Karen Swallow Prior: So, I did. It was sort of accidental. That's how most of my books turn out. I start out with one idea, and it's a process of discovery for me. And so in the process of writing this book, my editor just suggested to me that I talk about practices and habits. I've been heavily influenced by James K. A. Smith's work. So we thought, we'll apply that to literature. And I said, okay. And where that took me was to sort of, I can be very literal, I'm Baptist. So I guess I can be very literal. I said, okay, so practices and habits, that takes me to Aristotle and virtues.

Rick Langer: That's a good place to go.

Karen Swallow Prior: Yeah. And I said, I don't know anything about virtues, so I needed to study virtues and virtue ethics. So I just began to do that and thought, wow, I want to write a book that explains what each virtue is and how we can see that in works of literature that I love. I knew I was writing a book about books, and I thought this is an interesting framework. So it ends up being a book that's sort of half about virtue ethics. And I choose like the 12, the cardinal virtues, the Christian virtues, and the heavenly virtues. There are lots of lists. There are many more virtues out there. And then I choose works of literature that I think tell us something about those virtues. I'm not saying that the purpose of the book was to teach this lesson, but rather by reading well, you can discover something about this virtue in the book. But I am by no means saying that you should read every book hunting for a virtue, it's just one way of demonstrating that reading good literature well forms us.

Rick Langer: Can you give us an example?

Karen Swallow Prior: Yeah.

Rick Langer: Pick one and what book?

Karen Swallow Prior: I chose, let's see which one is my favorite one, though they're all my favorites. I chose Huckleberry Finn to talk about the virtue of courage. As with all virtues, a virtue is a moderation between an excess and a deficiency. And part of the problem with studying virtues is that our words in English are so limited. So let's just say that the quality that constitutes courage is like chutzpah. Let's just say it's that, to use a different word. Too little of it is cowardice, but too much of it is recklessness. So it's therefore not courage. So the virtue of courage has to have just enough, not too little or too much. For example, in Huckleberry Finn, no spoiler alerts, hopefully you've all read it, we've got Huck's friend, Tom, who goes out of his... It's funny, because the story is satirical, he goes out of his way to increase the danger of their adventures, because he just wants to have adventure. That's not courage, because he's putting people unnecessarily in harm's way.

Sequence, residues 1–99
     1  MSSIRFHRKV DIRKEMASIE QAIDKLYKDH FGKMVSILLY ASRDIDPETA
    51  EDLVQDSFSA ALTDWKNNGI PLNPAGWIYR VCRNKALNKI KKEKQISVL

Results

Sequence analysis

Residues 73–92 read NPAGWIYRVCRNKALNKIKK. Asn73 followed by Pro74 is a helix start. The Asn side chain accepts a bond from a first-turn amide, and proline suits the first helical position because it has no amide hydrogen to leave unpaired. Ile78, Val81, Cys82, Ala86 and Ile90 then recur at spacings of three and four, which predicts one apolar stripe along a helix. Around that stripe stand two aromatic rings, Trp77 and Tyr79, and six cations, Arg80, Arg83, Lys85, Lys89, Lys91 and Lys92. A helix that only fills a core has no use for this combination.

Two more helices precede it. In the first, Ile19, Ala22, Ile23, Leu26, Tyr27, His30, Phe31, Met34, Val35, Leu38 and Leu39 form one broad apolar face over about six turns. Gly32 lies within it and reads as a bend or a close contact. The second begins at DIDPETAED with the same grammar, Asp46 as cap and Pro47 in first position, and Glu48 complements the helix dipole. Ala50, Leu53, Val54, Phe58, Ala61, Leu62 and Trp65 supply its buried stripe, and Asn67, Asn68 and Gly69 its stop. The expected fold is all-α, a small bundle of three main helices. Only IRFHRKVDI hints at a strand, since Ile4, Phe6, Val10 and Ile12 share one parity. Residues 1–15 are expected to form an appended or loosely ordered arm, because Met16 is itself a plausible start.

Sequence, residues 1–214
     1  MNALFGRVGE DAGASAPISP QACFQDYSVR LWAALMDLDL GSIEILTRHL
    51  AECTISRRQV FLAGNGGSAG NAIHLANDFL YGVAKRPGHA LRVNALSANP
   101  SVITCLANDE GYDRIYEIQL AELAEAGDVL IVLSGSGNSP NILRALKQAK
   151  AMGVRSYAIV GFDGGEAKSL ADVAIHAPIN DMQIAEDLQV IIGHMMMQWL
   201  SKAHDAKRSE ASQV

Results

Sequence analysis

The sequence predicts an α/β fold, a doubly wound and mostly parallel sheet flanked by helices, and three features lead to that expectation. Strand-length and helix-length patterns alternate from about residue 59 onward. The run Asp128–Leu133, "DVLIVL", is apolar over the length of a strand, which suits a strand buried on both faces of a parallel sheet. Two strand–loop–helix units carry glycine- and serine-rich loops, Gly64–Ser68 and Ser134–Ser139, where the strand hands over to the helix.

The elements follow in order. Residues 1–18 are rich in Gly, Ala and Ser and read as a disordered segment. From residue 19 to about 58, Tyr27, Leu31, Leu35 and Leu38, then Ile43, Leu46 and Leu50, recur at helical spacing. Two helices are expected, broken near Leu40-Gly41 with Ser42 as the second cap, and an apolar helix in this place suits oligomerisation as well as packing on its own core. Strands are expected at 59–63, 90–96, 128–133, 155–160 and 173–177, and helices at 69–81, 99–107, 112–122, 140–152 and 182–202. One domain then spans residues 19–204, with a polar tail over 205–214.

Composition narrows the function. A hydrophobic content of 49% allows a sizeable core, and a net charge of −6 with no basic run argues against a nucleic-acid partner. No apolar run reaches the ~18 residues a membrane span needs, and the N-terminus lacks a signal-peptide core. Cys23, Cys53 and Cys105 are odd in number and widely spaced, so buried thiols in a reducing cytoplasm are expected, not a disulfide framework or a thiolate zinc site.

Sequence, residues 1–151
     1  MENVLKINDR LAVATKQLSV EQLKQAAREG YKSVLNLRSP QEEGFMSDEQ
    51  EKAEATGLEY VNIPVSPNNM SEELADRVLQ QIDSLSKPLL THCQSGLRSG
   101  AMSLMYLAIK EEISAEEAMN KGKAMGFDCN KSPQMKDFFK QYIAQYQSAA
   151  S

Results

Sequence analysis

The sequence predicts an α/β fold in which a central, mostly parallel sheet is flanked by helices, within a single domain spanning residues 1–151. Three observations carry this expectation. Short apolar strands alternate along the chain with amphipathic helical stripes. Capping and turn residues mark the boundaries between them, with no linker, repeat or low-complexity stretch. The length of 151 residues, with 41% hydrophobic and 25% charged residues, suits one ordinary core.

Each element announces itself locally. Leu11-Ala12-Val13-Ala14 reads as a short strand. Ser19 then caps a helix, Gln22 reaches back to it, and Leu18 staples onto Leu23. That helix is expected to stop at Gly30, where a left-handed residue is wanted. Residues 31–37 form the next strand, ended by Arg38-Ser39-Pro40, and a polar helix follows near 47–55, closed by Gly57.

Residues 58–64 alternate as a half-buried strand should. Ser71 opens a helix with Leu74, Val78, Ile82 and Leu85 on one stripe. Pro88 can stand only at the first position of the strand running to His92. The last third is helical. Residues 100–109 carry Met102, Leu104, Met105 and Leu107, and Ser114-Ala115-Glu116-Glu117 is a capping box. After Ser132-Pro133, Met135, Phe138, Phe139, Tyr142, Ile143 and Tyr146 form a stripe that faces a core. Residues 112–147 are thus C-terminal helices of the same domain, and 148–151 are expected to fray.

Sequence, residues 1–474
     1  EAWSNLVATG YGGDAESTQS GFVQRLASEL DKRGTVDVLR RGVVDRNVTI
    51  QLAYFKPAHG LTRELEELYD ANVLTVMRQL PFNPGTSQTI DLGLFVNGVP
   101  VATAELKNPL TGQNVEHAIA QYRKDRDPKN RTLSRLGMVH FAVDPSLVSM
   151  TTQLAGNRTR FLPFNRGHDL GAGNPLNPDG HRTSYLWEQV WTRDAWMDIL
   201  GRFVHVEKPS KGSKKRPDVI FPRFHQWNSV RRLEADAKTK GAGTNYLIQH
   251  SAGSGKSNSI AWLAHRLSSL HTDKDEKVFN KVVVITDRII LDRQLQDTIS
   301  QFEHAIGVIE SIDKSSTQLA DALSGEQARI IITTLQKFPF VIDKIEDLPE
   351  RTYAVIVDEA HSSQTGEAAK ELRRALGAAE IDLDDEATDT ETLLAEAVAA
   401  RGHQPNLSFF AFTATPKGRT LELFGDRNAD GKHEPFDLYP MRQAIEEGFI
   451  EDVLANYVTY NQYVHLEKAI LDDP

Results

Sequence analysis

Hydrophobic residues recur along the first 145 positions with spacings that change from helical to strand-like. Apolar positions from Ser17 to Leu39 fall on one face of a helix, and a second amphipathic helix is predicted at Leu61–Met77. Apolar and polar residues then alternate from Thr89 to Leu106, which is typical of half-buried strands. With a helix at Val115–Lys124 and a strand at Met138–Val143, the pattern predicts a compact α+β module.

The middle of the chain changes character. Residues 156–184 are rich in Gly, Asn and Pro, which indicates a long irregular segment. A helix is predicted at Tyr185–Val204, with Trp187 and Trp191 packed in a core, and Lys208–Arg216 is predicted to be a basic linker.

I show that Huck does in the story demonstrate courage. But I show that the person who demonstrates the most courage is the runaway slave, Jim, because he ends up risking his life in order to save Tom's life. So that's real courage. That's just an example of one of the chapters on one virtue in one work of literature.

Rick Langer: It strikes me one of the benefits of learning courage that way is kind of fostering a bigger imagination for what courage might be than what we get in just our daily lives. Because sometimes, and we may have that demanded of us, but usually that isn't our norm. And part of what enables us to perform well is having our imagination stretched a little bit about what courage might look like.

Karen Swallow Prior: Or I'd say in our everyday lives we have lots of opportunities to commit the error, to commit the vice. We think we're being courageous when we're really just being a jerk.

Tim Muehlhoff: Rick, I'm stepping into your realm, but isn't this Aristotle's golden mean?

Karen Swallow Prior: Yes.

Tim Muehlhoff: Isn't that what- ? Oh, thank you. That was awesome.

Karen Swallow Prior: That's in the book.

Tim Muehlhoff: But I think that's important is to say it can go too far. A good thing can be misapplied. We watch a movie in one of my classes. I was trying to Google the name of it and I couldn't find it, but it's on the intermittent windshield wiper, the man who actually created it. Hang on, hang on. So he does it, he shows it to... I'm not going to say a car company, but it's a very famous car company, who steals it. And they have this huge [inaudible] intellectual property, but he is defending it but spends the next 40 years of his life, destroys his marriage, he's separated from his kids, has to declare bankruptcy, but he will not let it go, because you stole my intellectual [inaudible].

By the way, in the end, as he's divorced, separated from his kids, he actually wins. Eventually, a court decides they did steal your intellectual property and you are awarded this, but in the wake was his marriage and stuff like that. So you take a good thing, which is defending justice, and then it ruined everything. I thought that was a good example of sometimes we can be as Christians committed to something, but we just go too far.